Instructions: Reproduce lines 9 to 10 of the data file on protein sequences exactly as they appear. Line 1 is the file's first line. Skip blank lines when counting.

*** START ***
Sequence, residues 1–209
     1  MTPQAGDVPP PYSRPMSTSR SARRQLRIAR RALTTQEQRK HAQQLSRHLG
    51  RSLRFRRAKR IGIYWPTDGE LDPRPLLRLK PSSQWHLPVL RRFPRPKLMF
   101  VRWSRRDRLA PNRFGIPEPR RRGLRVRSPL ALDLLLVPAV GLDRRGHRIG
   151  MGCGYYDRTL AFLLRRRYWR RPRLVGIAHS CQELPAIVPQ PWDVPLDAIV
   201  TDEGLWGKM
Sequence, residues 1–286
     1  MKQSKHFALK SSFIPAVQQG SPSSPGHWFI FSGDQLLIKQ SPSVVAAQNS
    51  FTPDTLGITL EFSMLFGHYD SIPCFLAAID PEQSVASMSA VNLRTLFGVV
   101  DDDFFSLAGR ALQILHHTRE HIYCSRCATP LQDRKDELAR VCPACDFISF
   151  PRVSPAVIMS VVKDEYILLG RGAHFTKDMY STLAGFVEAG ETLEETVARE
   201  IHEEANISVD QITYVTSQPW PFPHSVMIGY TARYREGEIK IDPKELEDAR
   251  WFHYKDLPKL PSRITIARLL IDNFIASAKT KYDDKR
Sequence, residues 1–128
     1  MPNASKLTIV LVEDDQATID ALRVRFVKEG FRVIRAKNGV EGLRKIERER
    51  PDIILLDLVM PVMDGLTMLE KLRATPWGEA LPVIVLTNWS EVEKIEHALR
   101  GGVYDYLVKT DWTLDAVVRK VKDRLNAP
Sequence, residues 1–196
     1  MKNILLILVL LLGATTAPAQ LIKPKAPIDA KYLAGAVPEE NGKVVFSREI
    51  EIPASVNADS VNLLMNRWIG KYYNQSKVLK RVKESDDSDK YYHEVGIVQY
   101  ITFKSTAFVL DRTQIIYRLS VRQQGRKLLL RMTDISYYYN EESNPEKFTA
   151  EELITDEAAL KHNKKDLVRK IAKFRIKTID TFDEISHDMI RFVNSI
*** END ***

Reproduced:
    51  FTPDTLGITL EFSMLFGHYD SIPCFLAAID PEQSVASMSA VNLRTLFGVV
   101  DDDFFSLAGR ALQILHHTRE HIYCSRCATP LQDRKDELAR VCPACDFISF